Chinese researchers have identified two new risk gene variants that are responsible for leprosy.
The findings have been published in the American Journal of Human Genetics.
The research, led by Yao Yonggang from the Chinese Academy of Sciences Kunming institute of zoology, was based on a study involving 1,433 patients with leprosy and 1,625 healthy individuals from southwest China's Yunnan Province.
More than 30 risk genes affecting susceptibility to leprosy have been identified. The research team has identified and validated two new rare damaging variants in HIF1A and LACC1 genes that can increase risk of developing the disease.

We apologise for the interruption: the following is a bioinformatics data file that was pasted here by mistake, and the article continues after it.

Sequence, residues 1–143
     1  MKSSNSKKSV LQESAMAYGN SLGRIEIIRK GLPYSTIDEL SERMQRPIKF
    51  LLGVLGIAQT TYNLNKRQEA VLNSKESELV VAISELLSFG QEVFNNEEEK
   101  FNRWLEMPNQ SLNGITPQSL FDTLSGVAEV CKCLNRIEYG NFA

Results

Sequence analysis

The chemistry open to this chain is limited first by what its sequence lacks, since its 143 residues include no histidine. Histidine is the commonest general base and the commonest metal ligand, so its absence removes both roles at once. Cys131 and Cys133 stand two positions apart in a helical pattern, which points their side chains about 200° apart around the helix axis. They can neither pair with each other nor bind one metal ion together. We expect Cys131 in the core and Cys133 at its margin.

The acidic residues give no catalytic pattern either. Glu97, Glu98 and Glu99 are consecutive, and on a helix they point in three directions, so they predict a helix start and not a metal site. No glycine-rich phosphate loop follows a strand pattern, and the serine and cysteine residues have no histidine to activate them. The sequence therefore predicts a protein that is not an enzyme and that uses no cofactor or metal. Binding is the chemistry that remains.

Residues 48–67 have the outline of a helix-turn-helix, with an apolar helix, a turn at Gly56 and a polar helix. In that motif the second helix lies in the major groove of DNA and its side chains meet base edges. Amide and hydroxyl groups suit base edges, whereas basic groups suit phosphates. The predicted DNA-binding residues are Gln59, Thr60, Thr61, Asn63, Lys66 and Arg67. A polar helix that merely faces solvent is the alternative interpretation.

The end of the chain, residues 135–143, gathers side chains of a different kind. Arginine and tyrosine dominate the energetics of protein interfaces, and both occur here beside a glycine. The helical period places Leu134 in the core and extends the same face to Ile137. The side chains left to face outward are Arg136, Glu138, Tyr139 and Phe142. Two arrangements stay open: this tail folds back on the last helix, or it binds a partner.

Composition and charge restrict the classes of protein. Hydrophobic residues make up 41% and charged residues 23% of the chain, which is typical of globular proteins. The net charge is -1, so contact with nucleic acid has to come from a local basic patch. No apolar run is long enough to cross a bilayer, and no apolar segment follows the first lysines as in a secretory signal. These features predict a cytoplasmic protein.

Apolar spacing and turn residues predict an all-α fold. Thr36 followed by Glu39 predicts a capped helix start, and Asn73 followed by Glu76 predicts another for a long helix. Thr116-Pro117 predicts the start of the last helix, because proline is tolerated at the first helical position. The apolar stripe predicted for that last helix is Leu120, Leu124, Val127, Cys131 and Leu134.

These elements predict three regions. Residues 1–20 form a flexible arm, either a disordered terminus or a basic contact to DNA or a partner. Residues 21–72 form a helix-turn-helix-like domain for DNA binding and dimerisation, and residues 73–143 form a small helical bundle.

Leprosy is a chronic infectious disease which can cause nerve damage, leading to muscle weakness and atrophy, and permanent disability. Leprosy patients also suffer from discrimination.
In 2011, China announced plans to eradicate the disease by 2020.
China had reduced incidence of the disease to less than 1 per 10,000 in 1981, but leprosy remains a major problem in some rural areas in southwest China.
As of the end of 2016, more than 50,000 people with leprosy had been cured in Yunnan Province.
The number of new cases reported in the province accounts for about one fourth of the country's total. It still has 44 counties with serious leprosy problems.